Copenhagen is one of Europe’s major design capitals. Every year, the Land Art Generator Initiative (LAGI) in Copenhagen welcomes renowned architects and engineers to submit designs that integrate renewable energy in harmony with citizens, nature and the urban environment.
This year, Argentina-based designer Santiago Muros Cortés won the design competition with his proposal for a gigantic solar energy-generating hourglass that could generate up to 7.500 MWh per year. This electricity is equivalent to the energy consumption of around 1,000 Danish homes.
The winning design looks like a simplified hourglass with solar energy running through it instead of sand.
The power generating hourglass is all set to become a major tourist attraction that will inspire people to take action against climate change.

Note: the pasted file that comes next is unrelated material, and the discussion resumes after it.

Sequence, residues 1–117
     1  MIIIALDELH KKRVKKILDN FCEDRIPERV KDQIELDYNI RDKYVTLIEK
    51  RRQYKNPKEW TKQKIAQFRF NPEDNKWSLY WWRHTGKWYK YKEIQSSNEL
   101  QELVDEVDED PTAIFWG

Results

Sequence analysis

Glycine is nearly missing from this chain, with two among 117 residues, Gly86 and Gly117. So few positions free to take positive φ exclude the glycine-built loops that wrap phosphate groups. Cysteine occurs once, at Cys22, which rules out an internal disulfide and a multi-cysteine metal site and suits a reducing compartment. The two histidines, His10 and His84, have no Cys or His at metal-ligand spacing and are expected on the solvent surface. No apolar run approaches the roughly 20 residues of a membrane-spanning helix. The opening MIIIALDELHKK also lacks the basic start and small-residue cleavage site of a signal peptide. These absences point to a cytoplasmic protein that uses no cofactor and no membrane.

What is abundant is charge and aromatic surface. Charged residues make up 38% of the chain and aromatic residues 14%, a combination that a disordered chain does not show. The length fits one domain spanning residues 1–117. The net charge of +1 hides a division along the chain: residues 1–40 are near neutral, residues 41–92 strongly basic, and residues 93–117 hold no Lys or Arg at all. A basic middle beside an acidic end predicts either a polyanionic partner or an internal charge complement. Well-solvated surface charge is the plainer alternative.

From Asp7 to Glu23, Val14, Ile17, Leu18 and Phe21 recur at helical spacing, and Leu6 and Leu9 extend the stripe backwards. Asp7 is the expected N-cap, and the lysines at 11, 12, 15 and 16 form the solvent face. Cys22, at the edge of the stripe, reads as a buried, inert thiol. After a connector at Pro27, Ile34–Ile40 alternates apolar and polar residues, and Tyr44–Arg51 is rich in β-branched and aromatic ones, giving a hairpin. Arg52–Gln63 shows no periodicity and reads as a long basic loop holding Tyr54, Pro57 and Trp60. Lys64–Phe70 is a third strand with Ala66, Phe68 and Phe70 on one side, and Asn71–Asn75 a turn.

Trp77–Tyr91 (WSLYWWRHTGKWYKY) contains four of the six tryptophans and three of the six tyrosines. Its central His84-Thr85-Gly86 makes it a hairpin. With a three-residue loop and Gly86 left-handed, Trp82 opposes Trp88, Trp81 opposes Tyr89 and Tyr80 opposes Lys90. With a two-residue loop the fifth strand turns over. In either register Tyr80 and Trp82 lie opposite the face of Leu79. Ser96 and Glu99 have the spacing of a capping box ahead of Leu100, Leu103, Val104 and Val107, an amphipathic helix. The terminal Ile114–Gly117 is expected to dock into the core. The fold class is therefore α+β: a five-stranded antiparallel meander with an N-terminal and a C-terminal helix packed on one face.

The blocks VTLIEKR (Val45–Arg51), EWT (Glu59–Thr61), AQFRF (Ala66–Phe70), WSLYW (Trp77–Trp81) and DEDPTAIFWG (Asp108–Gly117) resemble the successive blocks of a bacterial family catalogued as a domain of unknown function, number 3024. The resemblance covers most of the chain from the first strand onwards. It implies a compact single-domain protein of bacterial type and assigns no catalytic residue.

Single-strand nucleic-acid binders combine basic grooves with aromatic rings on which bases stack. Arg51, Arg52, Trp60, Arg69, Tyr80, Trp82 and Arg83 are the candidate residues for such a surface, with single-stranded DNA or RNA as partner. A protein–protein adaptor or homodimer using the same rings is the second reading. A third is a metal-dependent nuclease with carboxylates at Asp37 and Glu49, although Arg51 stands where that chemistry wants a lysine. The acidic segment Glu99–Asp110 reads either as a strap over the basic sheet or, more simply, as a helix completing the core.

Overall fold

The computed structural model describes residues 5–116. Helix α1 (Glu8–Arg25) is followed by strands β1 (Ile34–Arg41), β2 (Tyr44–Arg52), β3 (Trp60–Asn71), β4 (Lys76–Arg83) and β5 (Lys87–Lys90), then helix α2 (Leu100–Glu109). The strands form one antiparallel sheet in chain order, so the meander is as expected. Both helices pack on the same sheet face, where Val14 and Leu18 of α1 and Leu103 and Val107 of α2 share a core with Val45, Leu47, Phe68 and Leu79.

Science behind: The project uses an arrangement of small flat mirrors that concentrate their reflection of solar energy on a tank that contains heat transfer fluid (HTF) of molten nitrate salt. The concentrated beams of solar heat generate a temperature over 600°C to heat the molten salt to store heat and produce energy even at night or during cloudy weather.